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TPWD News Release — May 2, 2017

Lesser Known Parks Offer Exciting Alternative to Crowds, Closures

AUSTIN— With their popularity soaring, visitation at Texas State Parks has increased by more than half a  million visits in the past four years, making entrance into the system’s more popular sites difficult. Instead of waiting in line to enter a park, Texas Parks and Wildlife Department (TPWD) staff are recommending visitors explore some of the area’s lesser known sites that offer park goers less crowds and unique experiences for their family adventures.

On a regular basis, many popular sites such as Enchanted Rock State Natural Area, Garner State Park, Government Canyon State Natural Area and Pedernales Falls State Park are having to close their gates early due to reaching the park’s visitor capacity.

These daily capacity limits are put into place at Texas State Parks to reduce the impact to natural resources, enhance the visitor experience and ensure the safety of park goers. Any campers with reservations will be allowed in to the park when gates are closed.

The parks closing most often are Balmorhea State Park, Brazos Bend State Park, Colorado Bend State Park, Enchanted Rock State Natural Area, Garner State Park, Government Canyon State Natural Area, Guadalupe River State Park, Inks Lake State Park, McKinney Falls State Park, Ray Roberts Lake State Park- Isle du Bois Unit and Pedernales Falls State Park.

For those set on visiting popular state parks, an alternative option to enter the site would be to visit on non-peak days such as weekdays.

Most parks update their Twitter pages notifying future visitors about closures. The Twitter handles for parks can be found on the Texas Parks and Wildlife Department social media page. For visitors who don’t have Twitter, recent tweets about capacity can be found on the individual park page on the TPWD website.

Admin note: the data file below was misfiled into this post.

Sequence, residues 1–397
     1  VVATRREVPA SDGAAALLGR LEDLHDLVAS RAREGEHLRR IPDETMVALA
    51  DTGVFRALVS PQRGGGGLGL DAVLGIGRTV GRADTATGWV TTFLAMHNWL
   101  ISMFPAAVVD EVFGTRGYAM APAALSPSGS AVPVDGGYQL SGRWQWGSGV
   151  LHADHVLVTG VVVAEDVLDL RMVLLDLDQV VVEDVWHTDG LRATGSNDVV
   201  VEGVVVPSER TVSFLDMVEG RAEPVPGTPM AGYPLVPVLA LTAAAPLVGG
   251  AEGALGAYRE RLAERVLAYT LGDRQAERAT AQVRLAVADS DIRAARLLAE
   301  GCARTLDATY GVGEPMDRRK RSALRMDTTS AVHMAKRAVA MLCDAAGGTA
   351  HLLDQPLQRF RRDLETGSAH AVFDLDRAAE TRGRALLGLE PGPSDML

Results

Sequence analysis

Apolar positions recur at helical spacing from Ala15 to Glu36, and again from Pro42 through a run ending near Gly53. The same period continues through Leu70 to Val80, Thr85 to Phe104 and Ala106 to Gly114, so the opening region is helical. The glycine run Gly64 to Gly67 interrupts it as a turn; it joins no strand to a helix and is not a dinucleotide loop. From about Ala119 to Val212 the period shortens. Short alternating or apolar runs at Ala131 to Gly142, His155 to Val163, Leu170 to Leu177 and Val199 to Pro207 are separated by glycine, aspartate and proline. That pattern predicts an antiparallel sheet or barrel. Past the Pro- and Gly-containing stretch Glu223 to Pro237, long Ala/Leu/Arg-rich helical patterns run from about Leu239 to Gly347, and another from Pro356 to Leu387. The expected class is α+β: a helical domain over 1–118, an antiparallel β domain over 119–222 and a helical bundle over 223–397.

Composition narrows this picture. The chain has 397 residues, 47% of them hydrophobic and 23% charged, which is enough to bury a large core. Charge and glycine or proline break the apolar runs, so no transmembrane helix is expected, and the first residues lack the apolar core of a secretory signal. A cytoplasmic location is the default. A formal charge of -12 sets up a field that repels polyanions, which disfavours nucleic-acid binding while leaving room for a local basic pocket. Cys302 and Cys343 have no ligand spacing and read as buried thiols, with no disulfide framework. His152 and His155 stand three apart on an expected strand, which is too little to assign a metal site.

Instead of waiting in line for the gates to reopen, visitors are encouraged to consider the following alternatives to their favorite central Texas state parks.

Lost Maples State Natural Area, Hill Country State Natural Area and Kickapoo Cavern State Park are three sites located within an hour of the beloved Garner State Park.

Lost Maples State Natural Area in Vanderpool is most known for its colorful display of fall foliage, but the park is much less crowded during the remainder of the year. The park has more than 10 miles of trails, including a trail that takes hikers along the top of a 2,200 foot cliff with a spectacular view of the hill country. The Sabinal River and Can Creek also run through the park and offer visitors a chance to cast a line. No fishing license is needed to fish in a state park or natural area, so it’s a great way to learn to fish in different areas of the state. If visitors want to stay overnight, Lost Maples also offers 30 campsites with water and electricity and six primitive campsites.

Hill Country State Natural Area in Bandera County covers more than 5,300 acres, with approximately 40 miles of multiuse trails that wind up grassy valleys, cross spring-fed streams, and climb steep limestone hills.  The West Verde Creek has spring-fed streams, and tanks in the park provide several swimming holes with limited fishing for catfish, perch and largemouth bass. Spring water is available for horses, but people should bring their own drinking water.